If you read the Maass article closer you will find that really the oil market right now suffers from gross price distortion (probably way too low) because of a dearth of basic data on reserves and a well by well analysis of production rates. This is why people like Matt Simmons have been crying out for more data. Until we have more data I don't think anyone should be complacent about oil prices moving slowly in any direction.

The problem is that we have invested Trillions of Dollars into an economic structure predicated on consistently low oil prices. We have trusted politically motivated leaders and economic interests that oil is plentiful and can meet an ever rising level of demand. If we had better data then the market could have continuously bid up the price as it became increasingly apparent that oil supplies were becoming scarce.

Instead we are left with a situation in which all of this will become apparent when there are real shortages which will cause a huge spike in prices and the Saudis simply cannot increase production to alleviate the shortage. Then the market will react with brutal efficiency throwing the economy into an economic depression. Will oil restabilize at a lower price? Perhaps. It depends on whether you think inflation will be the main effect or an economic collapse causing rapid deflation of asset and massive unemployment. Remember that everything is relative. If there is rapid deflation and massive unemployment, then $10/barrel may be unaffordable. Please research this subject more closely and come back to us with a more thorough analysis of the subject. It's only the fate of our economy and civilization that hang in the balance.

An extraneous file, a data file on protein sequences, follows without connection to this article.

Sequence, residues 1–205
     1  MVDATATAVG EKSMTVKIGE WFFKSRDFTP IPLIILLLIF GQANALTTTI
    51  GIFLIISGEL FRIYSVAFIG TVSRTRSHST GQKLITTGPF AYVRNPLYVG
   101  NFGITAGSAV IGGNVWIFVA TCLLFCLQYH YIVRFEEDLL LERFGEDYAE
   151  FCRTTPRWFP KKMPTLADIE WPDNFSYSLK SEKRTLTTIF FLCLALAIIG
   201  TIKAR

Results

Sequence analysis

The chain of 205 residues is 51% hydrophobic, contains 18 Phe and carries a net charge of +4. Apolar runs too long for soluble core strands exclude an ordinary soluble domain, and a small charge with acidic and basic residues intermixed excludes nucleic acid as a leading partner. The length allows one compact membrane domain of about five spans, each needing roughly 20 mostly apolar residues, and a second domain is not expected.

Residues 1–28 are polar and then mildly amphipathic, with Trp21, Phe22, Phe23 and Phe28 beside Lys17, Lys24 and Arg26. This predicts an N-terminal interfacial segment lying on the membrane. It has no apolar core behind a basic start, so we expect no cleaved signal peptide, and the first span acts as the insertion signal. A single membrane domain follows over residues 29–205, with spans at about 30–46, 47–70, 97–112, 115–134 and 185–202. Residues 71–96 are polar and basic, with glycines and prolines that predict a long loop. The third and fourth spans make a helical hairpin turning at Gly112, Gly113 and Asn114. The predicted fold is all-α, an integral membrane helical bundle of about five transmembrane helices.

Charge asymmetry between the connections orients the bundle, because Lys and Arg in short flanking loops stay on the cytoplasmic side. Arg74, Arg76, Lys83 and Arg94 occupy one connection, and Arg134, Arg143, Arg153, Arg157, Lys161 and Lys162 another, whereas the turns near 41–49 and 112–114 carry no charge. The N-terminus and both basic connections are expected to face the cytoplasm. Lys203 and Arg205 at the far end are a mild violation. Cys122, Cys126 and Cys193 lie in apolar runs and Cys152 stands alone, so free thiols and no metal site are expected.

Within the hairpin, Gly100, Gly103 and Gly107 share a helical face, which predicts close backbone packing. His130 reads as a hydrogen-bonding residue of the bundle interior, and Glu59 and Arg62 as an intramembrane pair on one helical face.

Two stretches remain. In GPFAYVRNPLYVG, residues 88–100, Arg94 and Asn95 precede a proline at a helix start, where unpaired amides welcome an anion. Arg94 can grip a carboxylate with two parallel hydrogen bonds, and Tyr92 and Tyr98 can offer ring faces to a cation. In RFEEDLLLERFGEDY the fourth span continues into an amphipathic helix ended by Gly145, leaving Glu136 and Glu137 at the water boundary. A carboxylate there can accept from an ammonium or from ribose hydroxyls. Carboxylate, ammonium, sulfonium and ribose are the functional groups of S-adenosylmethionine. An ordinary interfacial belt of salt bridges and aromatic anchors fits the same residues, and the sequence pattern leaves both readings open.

If you want to share your thoughts with Dr. Levitt, his email is at this site.

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At 9:48 AM, Blogger peakguy said...

Dr. Levitt replied to my email:

I know more than I admitted about oil.

My point is that even if you take the numbers in the
Maass article as true, there is no reason to think
disaster is near.


peakguy: you make your own judgements on his level of knowledge....

At 4:29 PM, Anonymous Anonymous said...

Well let's see. Levitt's a highly-respected economist at a top institution. You work in marketing and have got a blog. I think I'll trust the experts on this one.

At 4:55 PM, Blogger peakguy said...

You can weigh the arguments by far greater experts than myself - Matt Simmons, the folks over at, etc. I would encourage you to read more and decide for yourself. I am not saying Levitt is not an expert on economics, but rather that he did not give this matter much thought before stating an opinion (it happens to all of us). I hope he does more rigorous investigation of the price elasticity of oil, the lack of data on reserves and comes to the same conclusions as I have, but until then I will keep prodding him to give more thought to the theory of peak oil and the implications to our entire civiliation. It's a lot more important to have a proper discussion than be right. In fact, I hope I'm wrong and man can adapt or we find a few more trillion barrels of oil somewhere.